The Aka or Bayaka (also BiAka, Babenzele) are a nomadic Mbenga pygmy people. They live in southwestern Central African Republic and in northern Republic of the Congo. An ecologically diverse people, they occupy 11 different ecological zones of the Western Congo Basin. They are related to the Baka people of Cameroon, Gabon, northern Congo, and southwestern Central African Republic.
Unlike the Mbuti pygmies of the eastern Congo (who speak only the language of the tribes with whom they are affiliated), the Aka speak their own language along with whichever of the approximately 15 Bantu peoples they are affiliated.
A traditional hunter-gatherer society, the Aka have a varied diet that includes 63 plants, 28 species of game and 20 species of insect, in addition to nuts, fruit, honey, mushrooms and roots. Some Aka have recently taken up the practice of planting their own small seasonal crops, but agricultural produce is more commonly obtained by trading with neighboring villages, whom the Aka collectively term as Ngandu.
From the Ngandu, they obtain manioc, plantain, yams, taro, maize, cucumbers, squash, okra, papaya, mango, pineapple, palm oil, and rice in exchange for the bushmeat, honey, and other forest products the Aka collect. There are over 15 different village tribes with whom the approximately 30,000 Aka associate.
As a result of their hunter-gatherer lifestyle, which frequently exposes them to the blood of jungle fauna, they have among the highest rates of seropositivity for Ebola virus in the world.
Fathers of the Aka tribe spend more time in close contact to their babies than in any other known society. Aka fathers have their infant within arms' reach 47% of the time and make physical contact with them five times as often per day as fathers in some other societies. The men also help the women, by feeding their children. It is believed that this is related to the strong bond between Aka husband and wife. Throughout the day, couples share hunting, food preparation, and social and leisure activities.
The lifestyle of the Aka has been shifted from their traditional customs by European colonialism. The slave trade of the 18th century caused the migration of several tribes into Aka lands. These tribes subsequently became affiliated with the Aka. By the end of the 19th century, the Aka were the major elephant hunters providing tusks for the ivory trade. Affiliated tribes acted as middlemen in these transactions.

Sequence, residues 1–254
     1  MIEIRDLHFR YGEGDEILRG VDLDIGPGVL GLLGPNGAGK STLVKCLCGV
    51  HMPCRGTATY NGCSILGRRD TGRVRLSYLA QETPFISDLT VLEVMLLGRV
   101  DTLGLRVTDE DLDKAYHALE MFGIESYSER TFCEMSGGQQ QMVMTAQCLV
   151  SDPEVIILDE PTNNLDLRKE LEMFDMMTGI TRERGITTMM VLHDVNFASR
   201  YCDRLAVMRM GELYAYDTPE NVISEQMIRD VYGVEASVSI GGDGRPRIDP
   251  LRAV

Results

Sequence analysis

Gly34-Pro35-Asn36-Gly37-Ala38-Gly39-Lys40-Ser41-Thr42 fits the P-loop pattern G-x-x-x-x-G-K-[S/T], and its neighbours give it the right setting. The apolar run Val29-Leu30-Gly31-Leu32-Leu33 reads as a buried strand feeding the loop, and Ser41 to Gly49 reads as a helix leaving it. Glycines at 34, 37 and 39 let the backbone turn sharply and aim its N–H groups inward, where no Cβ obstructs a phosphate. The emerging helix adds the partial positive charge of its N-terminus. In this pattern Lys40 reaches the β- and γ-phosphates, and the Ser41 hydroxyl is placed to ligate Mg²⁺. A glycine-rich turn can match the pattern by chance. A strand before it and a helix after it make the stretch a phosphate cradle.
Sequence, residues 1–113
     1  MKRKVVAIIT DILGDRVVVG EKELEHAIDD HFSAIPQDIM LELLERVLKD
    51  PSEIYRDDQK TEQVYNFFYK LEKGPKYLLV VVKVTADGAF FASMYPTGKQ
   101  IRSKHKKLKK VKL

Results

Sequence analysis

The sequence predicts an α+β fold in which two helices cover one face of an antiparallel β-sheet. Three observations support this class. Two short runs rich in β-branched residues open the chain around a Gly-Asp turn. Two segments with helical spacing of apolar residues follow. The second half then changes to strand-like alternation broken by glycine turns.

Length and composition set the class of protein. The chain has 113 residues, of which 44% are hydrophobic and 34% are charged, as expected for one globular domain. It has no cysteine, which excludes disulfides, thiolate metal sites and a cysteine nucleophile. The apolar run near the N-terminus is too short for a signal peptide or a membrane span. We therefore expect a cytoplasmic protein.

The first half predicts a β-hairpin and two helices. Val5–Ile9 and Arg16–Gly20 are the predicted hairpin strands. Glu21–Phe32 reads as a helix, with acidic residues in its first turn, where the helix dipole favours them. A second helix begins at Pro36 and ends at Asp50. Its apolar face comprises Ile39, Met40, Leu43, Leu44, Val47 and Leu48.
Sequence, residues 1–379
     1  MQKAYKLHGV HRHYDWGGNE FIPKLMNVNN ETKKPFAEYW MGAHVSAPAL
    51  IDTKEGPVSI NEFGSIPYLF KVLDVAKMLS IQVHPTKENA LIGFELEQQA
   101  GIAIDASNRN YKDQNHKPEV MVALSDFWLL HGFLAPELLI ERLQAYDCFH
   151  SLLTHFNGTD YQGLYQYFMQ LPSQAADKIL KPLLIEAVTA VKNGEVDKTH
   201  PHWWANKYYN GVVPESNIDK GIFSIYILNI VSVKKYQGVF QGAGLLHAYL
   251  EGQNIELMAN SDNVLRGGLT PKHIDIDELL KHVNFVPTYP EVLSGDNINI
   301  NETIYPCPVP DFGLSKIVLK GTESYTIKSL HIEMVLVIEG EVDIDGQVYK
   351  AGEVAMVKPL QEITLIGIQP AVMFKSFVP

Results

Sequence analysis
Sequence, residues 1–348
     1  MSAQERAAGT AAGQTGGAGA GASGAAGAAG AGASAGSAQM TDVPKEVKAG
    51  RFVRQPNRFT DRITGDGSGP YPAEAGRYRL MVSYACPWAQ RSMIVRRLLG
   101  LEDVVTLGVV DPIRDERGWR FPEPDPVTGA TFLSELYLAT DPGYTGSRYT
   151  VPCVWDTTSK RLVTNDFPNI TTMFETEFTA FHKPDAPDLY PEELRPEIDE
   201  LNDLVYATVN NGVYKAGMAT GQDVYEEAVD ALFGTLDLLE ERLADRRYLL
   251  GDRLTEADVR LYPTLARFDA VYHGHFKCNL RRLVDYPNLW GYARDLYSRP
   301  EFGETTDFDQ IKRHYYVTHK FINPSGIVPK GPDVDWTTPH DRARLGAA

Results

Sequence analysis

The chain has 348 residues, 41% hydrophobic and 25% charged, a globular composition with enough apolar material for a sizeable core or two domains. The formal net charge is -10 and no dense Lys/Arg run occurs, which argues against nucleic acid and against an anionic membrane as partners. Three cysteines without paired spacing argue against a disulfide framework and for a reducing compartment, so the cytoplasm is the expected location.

From 1910 to 1940, the Aka lands were part of French Equatorial Africa, and nearby affiliated tribes were forced into rubber production by the colonialists. These laborers occasionally escaped into forests inhabited by the Aka, increasing the demand for bushmeat. To meet this demand, the Aka developed the more efficient method of net hunting to replace traditional spear hunting. This caused a change in the social structure of the Aka: net hunting was seen as less physically challenging than using spears to kill game, and so women were encouraged take part in hunting activities.
In the 1930s, the French pressed the Aka to move into roadside villages. However, like the Efé of the Ituri rainforest, most Aka disobeyed and retreated into the jungle, with few joining the new settlements (except for a few villages in Congo-Brazza).
Today, economic pressures have forced the Aka to further deviate from their traditional customs. Many Aka now work in the coffee plantations of neighbouring tribes during the dry season instead of hunting as they would have done, and others have found employment in the ivory and lumber trade.
Their complex polyphonic music has been studied by various ethnomusicologists. Simha Arom has made historical field recordings of some of their repertoire. Michelle Kisliuk has written a detailed performance ethnography. Mauro Campagnoli studied their musical instruments in depth, comparing them to neighbouring pygmy groups such as the Baka Pygmies.